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New England Patriots cornerback Malcolm Butler has been to two Super Bowls. Now, his life story is heading to the big screen.
Daniel Levin, who executive produced Lion and whose Narrative Capital developed that film, has acquired Butler’s life rights for a biopic titled The Secondary. Levin’s instincts have been sound: He obtained Lion subject Saroo Brierley’s rights after reading about him in Vanity Fair, and now the movie is up for six Oscars. Likewise, he saw promise in the story of an undrafted Butler, who just three years ago was running the fryolator at a Popeyes chicken joint when his agent, Derek Simpson, secured him a tryout with the Patriots. As a rookie in 2015, Butler made one of the most memorable plays in Super Bowl history when, in the game’s final seconds, he intercepted Seattle Seahawks quarterback Russell Wilson’s pass at the goal line, ensuring New England’s victory.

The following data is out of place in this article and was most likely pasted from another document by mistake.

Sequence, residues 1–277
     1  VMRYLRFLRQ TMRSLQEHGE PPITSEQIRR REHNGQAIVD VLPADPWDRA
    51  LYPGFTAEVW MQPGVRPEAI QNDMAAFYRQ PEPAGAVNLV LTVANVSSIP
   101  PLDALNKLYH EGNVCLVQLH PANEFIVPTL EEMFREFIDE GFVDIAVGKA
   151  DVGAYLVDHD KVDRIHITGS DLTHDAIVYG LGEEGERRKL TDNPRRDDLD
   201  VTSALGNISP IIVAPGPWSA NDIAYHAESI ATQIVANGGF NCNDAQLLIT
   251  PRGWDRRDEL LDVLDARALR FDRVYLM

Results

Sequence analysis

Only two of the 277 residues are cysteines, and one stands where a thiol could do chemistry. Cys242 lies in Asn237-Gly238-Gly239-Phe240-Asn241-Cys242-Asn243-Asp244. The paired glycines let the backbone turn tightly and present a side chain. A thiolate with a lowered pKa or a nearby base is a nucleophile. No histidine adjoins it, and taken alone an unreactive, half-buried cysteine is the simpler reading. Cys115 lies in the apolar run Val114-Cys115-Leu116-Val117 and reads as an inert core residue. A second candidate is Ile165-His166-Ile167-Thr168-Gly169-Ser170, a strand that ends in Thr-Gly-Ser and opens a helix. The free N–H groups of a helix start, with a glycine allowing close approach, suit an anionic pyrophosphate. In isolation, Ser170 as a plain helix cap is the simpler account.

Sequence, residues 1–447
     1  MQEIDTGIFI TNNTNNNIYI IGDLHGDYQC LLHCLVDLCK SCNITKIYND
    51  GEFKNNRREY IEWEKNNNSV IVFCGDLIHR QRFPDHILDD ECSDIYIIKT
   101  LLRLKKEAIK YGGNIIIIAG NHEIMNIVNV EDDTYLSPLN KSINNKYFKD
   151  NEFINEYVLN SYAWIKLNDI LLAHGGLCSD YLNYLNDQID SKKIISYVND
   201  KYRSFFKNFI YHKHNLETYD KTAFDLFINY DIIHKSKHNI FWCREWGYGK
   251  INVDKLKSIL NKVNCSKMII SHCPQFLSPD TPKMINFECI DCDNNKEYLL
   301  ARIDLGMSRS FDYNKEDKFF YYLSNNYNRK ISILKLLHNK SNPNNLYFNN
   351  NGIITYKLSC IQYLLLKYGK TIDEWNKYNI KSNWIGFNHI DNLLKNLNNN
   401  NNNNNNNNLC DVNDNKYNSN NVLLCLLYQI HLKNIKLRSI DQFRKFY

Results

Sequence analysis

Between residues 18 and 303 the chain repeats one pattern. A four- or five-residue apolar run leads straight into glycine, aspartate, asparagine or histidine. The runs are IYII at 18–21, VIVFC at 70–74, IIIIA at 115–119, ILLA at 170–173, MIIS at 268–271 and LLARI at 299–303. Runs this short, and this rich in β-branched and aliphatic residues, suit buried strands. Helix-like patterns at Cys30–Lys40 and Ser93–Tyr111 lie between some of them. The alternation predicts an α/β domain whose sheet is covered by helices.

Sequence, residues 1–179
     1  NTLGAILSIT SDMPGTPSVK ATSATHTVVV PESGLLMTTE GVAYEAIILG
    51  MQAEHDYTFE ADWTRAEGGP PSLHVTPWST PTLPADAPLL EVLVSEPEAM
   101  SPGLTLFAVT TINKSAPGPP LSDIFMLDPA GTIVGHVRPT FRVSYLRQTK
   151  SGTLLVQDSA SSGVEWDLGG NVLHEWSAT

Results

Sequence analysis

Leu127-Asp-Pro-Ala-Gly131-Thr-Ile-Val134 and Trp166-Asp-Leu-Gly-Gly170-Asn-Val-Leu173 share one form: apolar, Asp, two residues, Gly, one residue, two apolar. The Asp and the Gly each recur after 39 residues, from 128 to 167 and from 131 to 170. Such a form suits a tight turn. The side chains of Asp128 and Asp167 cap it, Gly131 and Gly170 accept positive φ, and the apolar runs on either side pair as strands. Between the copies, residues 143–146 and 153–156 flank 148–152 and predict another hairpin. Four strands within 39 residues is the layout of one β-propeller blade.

Levin sees the film as a two-hander, having also scooped up the life rights of Simpson, a small-town lawyer who was handling Butler’s blossoming career while fighting a commercial-trucking goliath in court to get justice for a paralyzed teen. “Lion and The Secondary are against-all-odds stories of struggle and inspiration,” says Levin. “Derek would not stop until Malcolm got a chance.”
No distributor is attached, but New York-based Narrative also has another true-story movie in the works: the Richard Gere starrer Three Christs, about three paranoid schizophrenic patients who all believe they are Jesus Christ (it wrapped production in the fall).
This story first appeared in the Feb. 24 issue of The Hollywood Reporter magazine. To receive the magazine, click here to subscribe.
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